However, we know that people read papers in many places, pdf readers and on line so we have started working with several groups including a team at Science Direct to push the data into the places where the readers are. We are proud to work with the Elsevier Antibody App team, who created an application visible in Science Direct in all Elsevier papers that have an antibody annotated in the antibodyregistry.org.

An example paper from Experimental Neurology can be viewed here http://www.sciencedirect.com/science/article/pii/S0014488614003896

The NIA Butler-Williams Scholars Program

Posted on February 27th, 2015 in Anita Bandrowski, News & Events | No Comments »

The NIA Butler-Williams Scholars Program (formerly Summer Institute on Aging Research) is accepting applications for an intensive introduction to aging research. This program for investigators that are new to aging research is focused on the breadth of research supported by the National Institute on Aging, including basic biology, neuroscience, behavioral and social research, geriatrics and clinical gerontology. As an offering through the NIA Office of Special Populations, program content will include a focus on health disparities, research methodologies, and funding opportunities. The Butler-Williams Scholars Program (B-W Scholars) is one of the premier, short-term training opportunities for new investigators. New researchers are defined as those who have recently received the M.D., Ph.D. or other doctoral level degree. The B-W Scholars Program provides participants with unparalleled access to NIA and NIH staff in an informal setting.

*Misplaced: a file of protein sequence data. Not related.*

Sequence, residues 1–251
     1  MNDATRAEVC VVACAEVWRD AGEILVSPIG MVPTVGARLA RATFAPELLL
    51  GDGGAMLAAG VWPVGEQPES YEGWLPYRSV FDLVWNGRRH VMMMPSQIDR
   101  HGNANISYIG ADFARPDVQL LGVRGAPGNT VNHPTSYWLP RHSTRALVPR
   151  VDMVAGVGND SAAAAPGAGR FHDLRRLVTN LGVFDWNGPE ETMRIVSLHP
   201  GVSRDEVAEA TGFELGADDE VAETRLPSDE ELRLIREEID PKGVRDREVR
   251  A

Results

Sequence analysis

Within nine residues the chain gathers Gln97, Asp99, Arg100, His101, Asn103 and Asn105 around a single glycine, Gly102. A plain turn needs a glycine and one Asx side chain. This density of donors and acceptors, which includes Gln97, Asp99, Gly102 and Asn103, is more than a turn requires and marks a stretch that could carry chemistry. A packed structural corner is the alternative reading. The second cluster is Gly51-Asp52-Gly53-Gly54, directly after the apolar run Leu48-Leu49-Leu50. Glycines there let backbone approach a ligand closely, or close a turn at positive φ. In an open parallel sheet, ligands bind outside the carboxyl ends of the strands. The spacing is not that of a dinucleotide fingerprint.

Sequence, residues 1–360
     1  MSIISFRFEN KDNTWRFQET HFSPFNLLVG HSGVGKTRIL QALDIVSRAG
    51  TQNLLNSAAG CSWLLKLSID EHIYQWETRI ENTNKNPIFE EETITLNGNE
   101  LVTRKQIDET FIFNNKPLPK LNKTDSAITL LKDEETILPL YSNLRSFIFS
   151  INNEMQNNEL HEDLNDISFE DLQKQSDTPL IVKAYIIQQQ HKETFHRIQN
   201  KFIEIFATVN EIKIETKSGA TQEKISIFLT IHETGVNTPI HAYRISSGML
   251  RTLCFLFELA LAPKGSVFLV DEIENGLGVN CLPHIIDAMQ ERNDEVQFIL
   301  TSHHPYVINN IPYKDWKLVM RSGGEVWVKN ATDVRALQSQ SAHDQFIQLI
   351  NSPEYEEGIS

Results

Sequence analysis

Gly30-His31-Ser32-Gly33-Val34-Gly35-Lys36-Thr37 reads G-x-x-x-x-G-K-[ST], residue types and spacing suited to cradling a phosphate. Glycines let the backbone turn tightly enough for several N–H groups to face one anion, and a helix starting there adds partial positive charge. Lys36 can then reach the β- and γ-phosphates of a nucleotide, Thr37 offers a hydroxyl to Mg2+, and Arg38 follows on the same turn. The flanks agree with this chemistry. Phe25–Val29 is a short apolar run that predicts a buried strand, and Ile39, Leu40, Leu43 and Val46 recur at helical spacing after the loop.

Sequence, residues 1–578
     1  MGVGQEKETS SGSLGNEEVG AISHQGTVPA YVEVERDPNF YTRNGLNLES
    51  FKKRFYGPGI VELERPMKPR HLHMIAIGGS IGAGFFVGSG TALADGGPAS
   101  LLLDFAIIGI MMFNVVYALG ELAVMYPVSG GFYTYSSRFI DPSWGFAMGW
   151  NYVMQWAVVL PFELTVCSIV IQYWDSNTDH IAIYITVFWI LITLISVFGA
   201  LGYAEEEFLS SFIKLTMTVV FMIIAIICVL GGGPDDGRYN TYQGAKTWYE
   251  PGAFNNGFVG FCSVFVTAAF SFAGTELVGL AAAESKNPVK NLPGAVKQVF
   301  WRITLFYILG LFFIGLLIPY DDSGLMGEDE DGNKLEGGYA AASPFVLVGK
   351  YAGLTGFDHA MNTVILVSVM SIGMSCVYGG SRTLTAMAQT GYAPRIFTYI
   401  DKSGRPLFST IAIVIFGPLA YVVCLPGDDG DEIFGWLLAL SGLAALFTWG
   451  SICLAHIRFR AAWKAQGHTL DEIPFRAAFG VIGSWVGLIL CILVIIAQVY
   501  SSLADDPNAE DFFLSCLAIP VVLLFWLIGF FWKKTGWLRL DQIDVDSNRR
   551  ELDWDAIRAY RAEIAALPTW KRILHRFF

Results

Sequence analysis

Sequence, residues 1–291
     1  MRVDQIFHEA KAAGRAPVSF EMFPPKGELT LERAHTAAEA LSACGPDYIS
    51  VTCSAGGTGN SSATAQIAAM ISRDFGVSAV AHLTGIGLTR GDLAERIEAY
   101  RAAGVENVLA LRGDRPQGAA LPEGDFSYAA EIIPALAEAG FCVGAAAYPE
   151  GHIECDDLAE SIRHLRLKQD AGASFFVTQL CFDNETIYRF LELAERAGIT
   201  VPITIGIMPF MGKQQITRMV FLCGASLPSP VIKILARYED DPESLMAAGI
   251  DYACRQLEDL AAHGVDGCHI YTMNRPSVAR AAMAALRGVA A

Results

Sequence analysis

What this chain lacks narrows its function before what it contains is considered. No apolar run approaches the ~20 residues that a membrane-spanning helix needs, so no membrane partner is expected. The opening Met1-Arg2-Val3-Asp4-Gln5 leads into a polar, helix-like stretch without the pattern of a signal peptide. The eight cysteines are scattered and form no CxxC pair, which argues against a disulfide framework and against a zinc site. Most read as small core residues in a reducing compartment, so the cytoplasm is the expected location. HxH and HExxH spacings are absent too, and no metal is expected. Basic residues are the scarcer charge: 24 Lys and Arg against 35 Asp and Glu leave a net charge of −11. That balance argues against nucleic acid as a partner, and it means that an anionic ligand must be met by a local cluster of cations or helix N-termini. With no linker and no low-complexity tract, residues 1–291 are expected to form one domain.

The 2015 B-W Scholars Program will be held July 27-31, 2015 in Bethesda, Maryland. Support in most cases is available for travel and living expenses.  The B-W Scholars Program is sponsored by NIA with support from the National Hartford Centers of Gerontological Nursing Excellence.

***Applications are due Friday, March 27, 2015***

Researchers with an interest in health disparities research are encouraged to apply. Applicants from diverse backgrounds, including individuals from underrepresented racial and ethnic groups, individuals with disabilities and women are always encouraged to apply for NIH support. Applicants must be U.S. citizens, non-citizen nationals, or permanent residents.
Please view more information on the NIA web site:  www.nia.nih.gov/about/events/2014/butler-williams-scholars-program-2015

For more information, please contact:
Ms. Andrea Griffin-Mann
Office of Special Populations
National Institute on Aging
National Institutes of Health

griffinmanna@mail.nih.gov